The Miami New Times published a bombshell investigative piece this morning that tied multiple Major League Baseball players, including New York Yankees star Alex Rodriguez, to a Miami drug company that was supplying them with anabolic steroids, human growth hormone, and other performance enhancing drugs. The story of Biogenesis, the drug firm, and Rodriguez, who admitted to steroid use before, brought back an ugly issue baseball thought it had largely put behind it when it instituted strong drug testing and harsh penalties in 2004.
The response, of course, has been an immediate call for more testing and harsher penalties. But here’s a question few seem to be asking: do drug tests and harsh penalties deter drug use? And if they don’t, how will more drug tests and even harsher penalties do any better?
In baseball, that’s impossible to know definitively, since there are no before-and-after testing numbers. But academic research suggests that random drug testing probably doesn’t prevent drug use. Dr. Linn Goldberg testified during a House Oversight Committee last month that his two-year testing of high school athletes had no deterrent effect. Other academic research has found that “testing alone is not a sufficient deterrent to eliminate drug use among college athletes.” Research into random testing for drugs like marijuana, meanwhile, has found little proof that such testing prevents use.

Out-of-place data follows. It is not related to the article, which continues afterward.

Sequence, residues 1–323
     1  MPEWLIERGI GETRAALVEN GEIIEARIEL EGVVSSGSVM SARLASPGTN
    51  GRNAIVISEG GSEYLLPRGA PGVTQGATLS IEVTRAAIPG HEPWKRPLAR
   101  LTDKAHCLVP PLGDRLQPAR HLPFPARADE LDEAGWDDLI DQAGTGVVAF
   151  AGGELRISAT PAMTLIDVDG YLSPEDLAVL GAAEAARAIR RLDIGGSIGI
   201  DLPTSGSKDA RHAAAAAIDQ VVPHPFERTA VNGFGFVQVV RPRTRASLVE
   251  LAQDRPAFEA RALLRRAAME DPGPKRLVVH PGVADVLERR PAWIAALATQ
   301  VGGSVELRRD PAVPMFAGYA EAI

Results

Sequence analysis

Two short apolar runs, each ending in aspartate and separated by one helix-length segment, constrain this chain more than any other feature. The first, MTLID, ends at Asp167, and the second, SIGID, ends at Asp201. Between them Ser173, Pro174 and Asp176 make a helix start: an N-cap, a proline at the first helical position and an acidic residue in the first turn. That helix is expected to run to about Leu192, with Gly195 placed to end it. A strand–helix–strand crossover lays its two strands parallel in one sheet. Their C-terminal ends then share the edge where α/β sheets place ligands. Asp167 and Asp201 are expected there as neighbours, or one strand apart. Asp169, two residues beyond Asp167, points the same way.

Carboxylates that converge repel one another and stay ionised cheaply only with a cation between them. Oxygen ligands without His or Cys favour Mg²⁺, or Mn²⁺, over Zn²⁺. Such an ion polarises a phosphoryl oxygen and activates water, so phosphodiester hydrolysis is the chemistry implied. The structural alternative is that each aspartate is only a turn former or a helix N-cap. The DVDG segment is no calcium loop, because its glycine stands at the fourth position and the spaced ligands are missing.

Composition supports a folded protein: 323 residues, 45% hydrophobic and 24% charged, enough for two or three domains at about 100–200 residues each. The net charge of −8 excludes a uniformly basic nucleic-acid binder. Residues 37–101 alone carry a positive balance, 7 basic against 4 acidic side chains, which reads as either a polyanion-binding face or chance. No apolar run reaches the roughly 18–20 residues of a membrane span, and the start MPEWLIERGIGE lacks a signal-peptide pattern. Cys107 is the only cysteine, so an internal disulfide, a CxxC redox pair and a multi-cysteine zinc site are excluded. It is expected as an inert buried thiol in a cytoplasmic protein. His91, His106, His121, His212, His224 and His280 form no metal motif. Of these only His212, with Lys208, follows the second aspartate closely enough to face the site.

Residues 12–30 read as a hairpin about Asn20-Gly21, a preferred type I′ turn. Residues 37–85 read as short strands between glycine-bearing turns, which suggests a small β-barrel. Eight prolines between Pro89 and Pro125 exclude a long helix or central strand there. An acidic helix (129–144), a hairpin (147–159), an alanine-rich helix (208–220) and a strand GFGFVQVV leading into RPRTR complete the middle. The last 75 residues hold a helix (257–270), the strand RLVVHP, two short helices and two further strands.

If Rodriguez, who had already admitted to steroid use once, indeed used performance enhancing drugs again, drug testing and the threat of penalties and public shame obviously failed as a deterrent. Random tests and the threat of rescinded titles, a lifetime ban, and federal punishment didn’t stop Lance Armstrong, and harsh rules and penalties in professional cycling and the Olympics haven’t prevented numerous athletes from using performance enhancers.
It’s easy to suggest that drug testing acts as a deterrent and that more of it would prevent even more use, but it’s hard to find proof of how effective drug tests are at actually preventing use. I’m not sure what the solution to sports’ drug problem is. I’m not even sure there is one, especially if the technology and funding that goes into producing performance enhancing drugs continues to outpace the technology and funding that goes into testing for them. But before we rush to the intuitive “more testing, harsher penalties” solution, shouldn’t we first figure out if the testing that is being conducted now does any good?